If you're unhappy at work, can you post anything you want about your boss, your colleagues, or your workplace, online? Two cases of disgruntled employees venting online serve as cautionary tales. Dawnmarie Souza, a Connecticut paramedic, was fired after calling her boss offensive names on her Facebook page while off-duty. And Natalie Munroe was suspended with pay after blogging that her students at Central Bucks East High School in Pennsylvania were "rude, disengaged, lazy whiners."
We speak with employment attorney Margaret "Molly" DiBianca, editor of the Delaware Employment Law blog. Below, see her tips for employers.
- TIME Magazine: How One Teacher's Angry Blog Sparked a Viral Classroom Debate
- Wall Street Journal: New York City Ballet and Boston Ballet Consider Social Media Rules
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Social Media Basics For Employers
by Margaret “Molly” DiBianca
- Identify a point person to answer employee questions about the policy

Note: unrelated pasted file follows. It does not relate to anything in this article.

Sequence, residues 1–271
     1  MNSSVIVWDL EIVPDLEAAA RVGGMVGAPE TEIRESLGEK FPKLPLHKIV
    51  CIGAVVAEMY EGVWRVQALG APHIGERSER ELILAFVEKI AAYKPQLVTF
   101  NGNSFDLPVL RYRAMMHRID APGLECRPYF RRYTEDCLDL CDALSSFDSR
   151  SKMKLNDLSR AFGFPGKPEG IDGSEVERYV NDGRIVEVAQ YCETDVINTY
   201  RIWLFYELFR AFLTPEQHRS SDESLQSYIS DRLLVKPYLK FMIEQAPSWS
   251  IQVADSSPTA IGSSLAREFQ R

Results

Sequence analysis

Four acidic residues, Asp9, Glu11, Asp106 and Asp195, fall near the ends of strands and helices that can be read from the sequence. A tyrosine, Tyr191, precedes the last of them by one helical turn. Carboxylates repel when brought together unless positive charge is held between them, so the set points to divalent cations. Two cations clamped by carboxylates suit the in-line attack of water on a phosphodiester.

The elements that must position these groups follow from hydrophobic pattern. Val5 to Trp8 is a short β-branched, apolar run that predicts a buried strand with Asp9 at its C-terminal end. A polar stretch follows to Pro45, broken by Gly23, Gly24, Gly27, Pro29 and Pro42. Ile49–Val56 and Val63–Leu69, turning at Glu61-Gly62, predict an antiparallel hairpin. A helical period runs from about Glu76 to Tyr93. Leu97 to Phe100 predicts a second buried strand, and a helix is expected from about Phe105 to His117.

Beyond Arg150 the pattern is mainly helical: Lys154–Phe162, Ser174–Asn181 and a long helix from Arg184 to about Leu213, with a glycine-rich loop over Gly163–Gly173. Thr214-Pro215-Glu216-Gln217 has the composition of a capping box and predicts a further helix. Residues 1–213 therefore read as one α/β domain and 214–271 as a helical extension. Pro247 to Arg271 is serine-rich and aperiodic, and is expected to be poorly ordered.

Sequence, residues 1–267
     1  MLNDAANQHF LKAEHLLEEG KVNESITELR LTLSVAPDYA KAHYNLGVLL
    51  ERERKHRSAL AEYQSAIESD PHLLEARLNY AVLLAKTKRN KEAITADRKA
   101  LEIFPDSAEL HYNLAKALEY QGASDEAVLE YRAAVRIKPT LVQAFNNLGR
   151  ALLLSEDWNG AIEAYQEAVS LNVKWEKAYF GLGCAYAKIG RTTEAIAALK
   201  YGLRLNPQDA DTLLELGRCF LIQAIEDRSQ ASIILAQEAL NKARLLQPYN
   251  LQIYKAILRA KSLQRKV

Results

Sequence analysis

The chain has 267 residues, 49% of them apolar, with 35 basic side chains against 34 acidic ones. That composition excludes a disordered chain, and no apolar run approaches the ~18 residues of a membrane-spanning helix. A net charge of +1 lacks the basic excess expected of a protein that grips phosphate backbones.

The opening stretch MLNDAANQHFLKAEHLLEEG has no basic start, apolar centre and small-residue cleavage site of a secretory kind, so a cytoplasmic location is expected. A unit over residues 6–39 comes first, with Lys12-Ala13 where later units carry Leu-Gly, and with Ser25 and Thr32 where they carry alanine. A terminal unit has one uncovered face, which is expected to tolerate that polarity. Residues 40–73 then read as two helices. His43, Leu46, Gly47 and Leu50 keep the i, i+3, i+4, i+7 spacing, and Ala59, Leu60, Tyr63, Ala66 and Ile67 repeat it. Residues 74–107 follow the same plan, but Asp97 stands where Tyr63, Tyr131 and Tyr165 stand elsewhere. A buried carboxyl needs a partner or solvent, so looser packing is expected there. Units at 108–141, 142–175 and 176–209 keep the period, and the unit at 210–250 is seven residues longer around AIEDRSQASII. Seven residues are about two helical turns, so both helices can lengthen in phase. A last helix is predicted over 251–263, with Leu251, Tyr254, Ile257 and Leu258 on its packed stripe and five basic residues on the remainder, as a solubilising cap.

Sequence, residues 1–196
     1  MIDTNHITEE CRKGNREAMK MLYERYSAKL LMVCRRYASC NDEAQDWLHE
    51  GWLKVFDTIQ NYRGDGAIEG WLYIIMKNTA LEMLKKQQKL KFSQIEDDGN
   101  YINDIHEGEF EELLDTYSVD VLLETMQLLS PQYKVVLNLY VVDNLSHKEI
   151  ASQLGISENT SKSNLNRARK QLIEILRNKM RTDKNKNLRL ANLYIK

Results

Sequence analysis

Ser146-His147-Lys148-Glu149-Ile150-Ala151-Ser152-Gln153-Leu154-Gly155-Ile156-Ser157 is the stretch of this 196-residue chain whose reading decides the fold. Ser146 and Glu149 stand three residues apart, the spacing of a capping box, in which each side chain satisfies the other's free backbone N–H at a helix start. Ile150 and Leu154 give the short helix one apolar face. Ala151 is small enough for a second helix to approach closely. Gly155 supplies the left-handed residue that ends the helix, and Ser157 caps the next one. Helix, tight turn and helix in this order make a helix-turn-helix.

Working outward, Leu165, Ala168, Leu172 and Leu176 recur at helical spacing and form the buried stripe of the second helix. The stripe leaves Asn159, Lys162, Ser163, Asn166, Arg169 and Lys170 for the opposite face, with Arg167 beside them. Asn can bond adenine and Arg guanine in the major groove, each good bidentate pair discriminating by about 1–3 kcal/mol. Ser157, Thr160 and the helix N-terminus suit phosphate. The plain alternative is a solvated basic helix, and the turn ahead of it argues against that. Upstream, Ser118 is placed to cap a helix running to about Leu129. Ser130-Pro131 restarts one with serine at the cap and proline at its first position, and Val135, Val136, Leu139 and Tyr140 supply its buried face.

- Encourage employees to ask before acting if they’re unsure about the policy
- Reference other company policies, such as an anti-harassment and anti-discrimination policy, conflicts-of-interest policy, and confidentiality policy, as the basis for online policies
- Require all employees to report online conduct that violates any of these policies
- Offer ongoing education to employees, including proper online etiquette, good online citizenship, and how to adjust privacy settings in a social-networking profile
- Discuss stories in the news that are examples of violations of online policies
- Consider whether the post really impacts the organization in a negative way or whether it's more akin to traditional water-cooler gossip
- Don't take what you read online about your company personally or respond with emotion instead of logic
- Don’t try to "trick" employees into violating the policy
- Don't ever ask (or require) an employee or applicant to share passwords to online accounts
- Don't have another employee give you access to an account so you can snoop on coworkers
- Don't have someone send a friend request so you can gain access to an employee or applicant's profile without disclosing the real reason for the request
- If it sounds sneaky, looks sneaky, or smells sneaky, then a jury will hold you accountable for such unpalatable behavior
This segment aired on March 16, 2011.
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